This is in stark contrast with what most criminal justice and law enforcement analysts say about the integrated theories of crime and or offending. One of the most famous works in this particular field of the criminal justice and law enforcement industry is that of Farrington (2005) where he focused on integrated developmental and life-course theories of offending. Between integrated theories of crime and offending and those that are simple and one-dimensional, integrated theories have the upper hand because aside from the fact that they are the ones that are frequently updated and most widely used by criminal justice and law enforcement agencies, they are very versatile or even generalizable if one will because they not only focus on one predominant psychological, social, biological, or economic factors (among others) in analyzing the coherent structure of crime or offending but rather on a multitude of factors. Basically “integrated theories of crime represent an attempt to bridge the ideological differences that exist among various older theories of crime by integrating variables from disparate theoretical approaches; recognizes that crime is a complex, multidimensional phenomenon with multiple causes; and by integrating a variety of ecological, socialization, psychological, biological, and economic factors into a coherent structure, such theories overcome the shortcomings of older theories that may be criticized on the grounds of reductionism; that is, many older theories of crime argue that one causal variable is predominantly important as a cause of crime” .
The crime and offending concepts and theories discussed in Farrington’s work were mostly, if not all, integrated theories, that can be further specified into developmental and life-course theories. Developmental crime theories, in general, aim to provide an explanation on the different possible developmental processes that may lead or may have led to the distinctive criminal or offensive behavior of an individual; most developmental crime theorists make use of an age curve in predicting, analyzing, or interpreting an individual’s developmental, psychological, and behavioral signs and symptoms .
Life-course crime theories, on the other hand, aim to analyze an individual’s inclination or predisposition to commit a crime based on the presence of any anti-social and violent behaviors, and also ones that may be interpreted as signs of emotional and psychological instability and perhaps the most important indicator of all (at least in this category), the continuity of the said manifestations . One good example of an individual who may be considered as one that is a life-course persistent offender would be a person who began showing signs of violence, of being an offender as early as the age of four (e.g. biting, hitting other people, etc.) and began committing more serious crimes such as selling drugs, shoplifting, rape, robbery, child abuse, and even murder by the time he grew up as an adolescent or adult . These two more specific theories were, in fact, discussed in Terrie Moffitt’s developmental theory of crime. Moffitt argued that there are, in general, two types of anti-social behaviors that may predispose an individual to becoming an offender later in the future. The first one is an adolescent limited anti-social behavior (these are the ones who only exhibit the anti-social behavior during their adolescent years) and the second one is a life-course persistent offender antisocial behavior (these are the ones who exhibit antisocial behaviors and tendencies early during childhood and persist into adulthood) .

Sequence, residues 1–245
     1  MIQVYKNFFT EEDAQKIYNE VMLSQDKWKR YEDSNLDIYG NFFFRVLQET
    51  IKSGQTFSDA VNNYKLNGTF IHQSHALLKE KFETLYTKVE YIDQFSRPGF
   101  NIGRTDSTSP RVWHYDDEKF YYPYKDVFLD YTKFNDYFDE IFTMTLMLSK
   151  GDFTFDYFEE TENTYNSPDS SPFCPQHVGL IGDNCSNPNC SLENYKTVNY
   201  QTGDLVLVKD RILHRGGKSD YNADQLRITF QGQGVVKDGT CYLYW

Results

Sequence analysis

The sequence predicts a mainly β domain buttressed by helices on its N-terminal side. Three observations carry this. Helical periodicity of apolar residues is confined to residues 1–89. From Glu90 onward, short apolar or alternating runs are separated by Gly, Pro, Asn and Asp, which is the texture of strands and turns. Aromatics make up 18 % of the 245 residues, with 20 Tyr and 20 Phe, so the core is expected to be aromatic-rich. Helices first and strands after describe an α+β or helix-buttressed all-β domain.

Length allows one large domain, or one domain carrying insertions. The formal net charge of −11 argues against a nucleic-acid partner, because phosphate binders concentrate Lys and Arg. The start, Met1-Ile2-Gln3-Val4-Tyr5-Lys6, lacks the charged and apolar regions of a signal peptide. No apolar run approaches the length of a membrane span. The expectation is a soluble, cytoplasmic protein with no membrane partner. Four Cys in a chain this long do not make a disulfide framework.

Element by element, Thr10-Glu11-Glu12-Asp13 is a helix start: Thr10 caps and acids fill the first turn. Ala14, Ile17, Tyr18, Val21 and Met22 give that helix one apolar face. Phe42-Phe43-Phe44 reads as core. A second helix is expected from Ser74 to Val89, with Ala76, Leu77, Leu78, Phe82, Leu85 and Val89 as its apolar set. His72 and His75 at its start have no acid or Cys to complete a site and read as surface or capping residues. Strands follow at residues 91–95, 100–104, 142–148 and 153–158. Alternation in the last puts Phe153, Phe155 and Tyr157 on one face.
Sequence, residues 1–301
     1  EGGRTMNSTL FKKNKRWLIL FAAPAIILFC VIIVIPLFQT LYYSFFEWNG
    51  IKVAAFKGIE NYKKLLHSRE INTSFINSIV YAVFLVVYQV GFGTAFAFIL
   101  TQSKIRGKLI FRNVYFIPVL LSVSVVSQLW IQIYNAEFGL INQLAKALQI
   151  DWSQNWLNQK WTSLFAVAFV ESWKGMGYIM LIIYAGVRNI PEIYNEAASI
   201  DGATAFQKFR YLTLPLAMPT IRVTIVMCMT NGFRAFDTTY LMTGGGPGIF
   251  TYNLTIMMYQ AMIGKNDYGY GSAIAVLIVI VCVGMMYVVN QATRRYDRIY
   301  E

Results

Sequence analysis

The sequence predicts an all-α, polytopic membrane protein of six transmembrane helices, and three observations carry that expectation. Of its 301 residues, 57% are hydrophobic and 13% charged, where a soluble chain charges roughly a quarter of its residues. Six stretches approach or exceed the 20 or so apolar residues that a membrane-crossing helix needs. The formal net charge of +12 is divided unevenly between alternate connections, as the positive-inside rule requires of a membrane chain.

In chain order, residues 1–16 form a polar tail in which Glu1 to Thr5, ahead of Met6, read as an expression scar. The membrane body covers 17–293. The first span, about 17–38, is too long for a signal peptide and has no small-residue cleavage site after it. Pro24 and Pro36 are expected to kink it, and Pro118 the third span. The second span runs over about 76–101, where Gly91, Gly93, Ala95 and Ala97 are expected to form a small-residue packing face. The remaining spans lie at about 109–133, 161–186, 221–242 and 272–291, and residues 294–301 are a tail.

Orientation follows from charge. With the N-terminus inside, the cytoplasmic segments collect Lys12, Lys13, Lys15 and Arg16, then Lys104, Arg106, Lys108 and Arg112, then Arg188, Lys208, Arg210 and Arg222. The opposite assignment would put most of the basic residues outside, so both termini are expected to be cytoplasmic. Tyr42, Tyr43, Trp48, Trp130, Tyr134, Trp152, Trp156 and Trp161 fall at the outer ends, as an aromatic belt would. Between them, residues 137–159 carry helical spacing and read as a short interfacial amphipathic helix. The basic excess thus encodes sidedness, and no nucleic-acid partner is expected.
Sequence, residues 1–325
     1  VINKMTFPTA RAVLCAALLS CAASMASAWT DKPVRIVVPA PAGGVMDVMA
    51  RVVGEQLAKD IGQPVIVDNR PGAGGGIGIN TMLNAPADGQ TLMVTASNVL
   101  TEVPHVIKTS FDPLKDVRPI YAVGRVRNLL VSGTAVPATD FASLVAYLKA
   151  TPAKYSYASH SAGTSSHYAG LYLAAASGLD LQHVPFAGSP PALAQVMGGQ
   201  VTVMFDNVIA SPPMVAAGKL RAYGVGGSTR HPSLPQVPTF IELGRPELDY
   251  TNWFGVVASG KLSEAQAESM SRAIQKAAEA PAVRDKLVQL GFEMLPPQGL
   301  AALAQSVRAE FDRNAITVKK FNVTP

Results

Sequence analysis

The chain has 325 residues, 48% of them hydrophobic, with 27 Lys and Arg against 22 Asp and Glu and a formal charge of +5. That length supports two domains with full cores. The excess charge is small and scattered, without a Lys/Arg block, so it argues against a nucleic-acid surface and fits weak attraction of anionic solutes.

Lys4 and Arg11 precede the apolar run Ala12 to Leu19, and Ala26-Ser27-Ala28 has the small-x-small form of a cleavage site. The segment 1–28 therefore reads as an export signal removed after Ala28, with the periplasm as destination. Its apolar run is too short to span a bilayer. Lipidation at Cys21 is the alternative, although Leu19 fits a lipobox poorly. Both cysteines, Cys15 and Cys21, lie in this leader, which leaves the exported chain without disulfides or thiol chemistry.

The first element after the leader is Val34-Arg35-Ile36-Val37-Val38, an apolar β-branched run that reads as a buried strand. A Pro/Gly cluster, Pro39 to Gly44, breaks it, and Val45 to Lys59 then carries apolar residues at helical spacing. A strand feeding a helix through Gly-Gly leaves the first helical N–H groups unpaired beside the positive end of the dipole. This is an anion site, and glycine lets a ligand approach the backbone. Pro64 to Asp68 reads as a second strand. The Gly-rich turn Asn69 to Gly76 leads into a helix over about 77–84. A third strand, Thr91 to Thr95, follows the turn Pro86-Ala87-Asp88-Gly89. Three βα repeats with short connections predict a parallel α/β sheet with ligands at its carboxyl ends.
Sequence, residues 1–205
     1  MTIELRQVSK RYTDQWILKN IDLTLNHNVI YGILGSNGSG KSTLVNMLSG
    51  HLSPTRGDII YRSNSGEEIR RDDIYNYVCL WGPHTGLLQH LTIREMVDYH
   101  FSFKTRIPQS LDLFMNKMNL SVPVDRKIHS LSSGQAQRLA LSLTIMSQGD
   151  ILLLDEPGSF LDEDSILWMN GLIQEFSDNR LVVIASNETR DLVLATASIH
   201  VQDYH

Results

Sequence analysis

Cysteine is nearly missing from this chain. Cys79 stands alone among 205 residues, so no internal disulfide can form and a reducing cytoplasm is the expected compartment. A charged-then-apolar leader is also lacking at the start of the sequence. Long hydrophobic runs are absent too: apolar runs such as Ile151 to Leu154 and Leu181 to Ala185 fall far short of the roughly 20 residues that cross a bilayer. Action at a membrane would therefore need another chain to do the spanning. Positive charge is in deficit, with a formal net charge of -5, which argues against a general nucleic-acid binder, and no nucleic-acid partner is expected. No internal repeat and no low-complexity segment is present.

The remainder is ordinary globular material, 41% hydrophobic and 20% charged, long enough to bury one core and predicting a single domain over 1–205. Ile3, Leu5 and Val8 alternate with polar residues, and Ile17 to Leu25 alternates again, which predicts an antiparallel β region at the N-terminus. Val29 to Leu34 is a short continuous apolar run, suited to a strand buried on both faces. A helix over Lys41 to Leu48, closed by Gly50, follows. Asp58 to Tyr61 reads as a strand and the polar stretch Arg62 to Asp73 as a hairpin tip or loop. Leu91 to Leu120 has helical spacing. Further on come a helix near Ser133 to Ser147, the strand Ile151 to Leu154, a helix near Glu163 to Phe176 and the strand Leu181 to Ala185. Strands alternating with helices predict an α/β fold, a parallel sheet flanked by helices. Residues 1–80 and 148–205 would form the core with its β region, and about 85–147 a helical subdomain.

In 2011, Melder & Esbensen investigated the criminal behaviors and tendencies of more than 1400 gang-involved youths focusing on the research objective which was to determine whether the life-course persistent offender behaviors exist among the subjects. The authors found that the onset of gang membership is indeed associated with substantial changes in emotions, social controls, and attitudes which support the principles of life-course persistent offender under the developmental theory of crime. In another study published in 2010 in the Journal of Crime and Delinquency, authors Bouffard and Piquero studied the varying effects of sanctions on life-course persistent offenders. They used the principles of defiance theory which suggests that there are four necessary conditions for defiance to occur and these are sanction must be perceived as unfair; the offender must be poorly bonded; the offender denies the shame produced by the sanction; and the sanction must be perceived as stigmatizing. They authors tested this by testing and observing subjects within a life course perspective based on the developmental theory of crime. In the end, they concluded that their results yielded promising support for the defiance theory .
In summary, these Farrington’s theory and that of Hirschi and Gottfredson differ in that Hirschi and Gottfredson’s theory is a one-dimensional theory that suggests that self-control (i.e. the lack thereof) is the single most important factor that predisposes an individual’s tendencies to commit a crime or an offense or in the case of minors, delinquent acts; and that Farrington’s work focused on multi-dimensional theories that aimed to fill the gaps that pretty much served as the points of weakness and criticisms of one-dimensional theories of crime such as the one that Hirschi and Gottfredson worked on. Basically, Farrington proposed or rather reinforced the then existing proposals that crime or its commission must be seen as a complex phenomenon that is not only dependent on a single predominant factor as in the case of Hirschi and Gottfredson’s one-dimensional theory propositions. Between the two, multi-dimensional theories such as the ones that Farrington discussed in his work are the ones that are more widely used by criminal justice and law enforcement agencies because of their versatility and their ability to cover all the possible factors that may have influenced an individual’s (even a juvenile) decision to commit a crime be it due to a lack or low level of self-control, or other psychosocial, emotional, intellectual, or behavioral factors.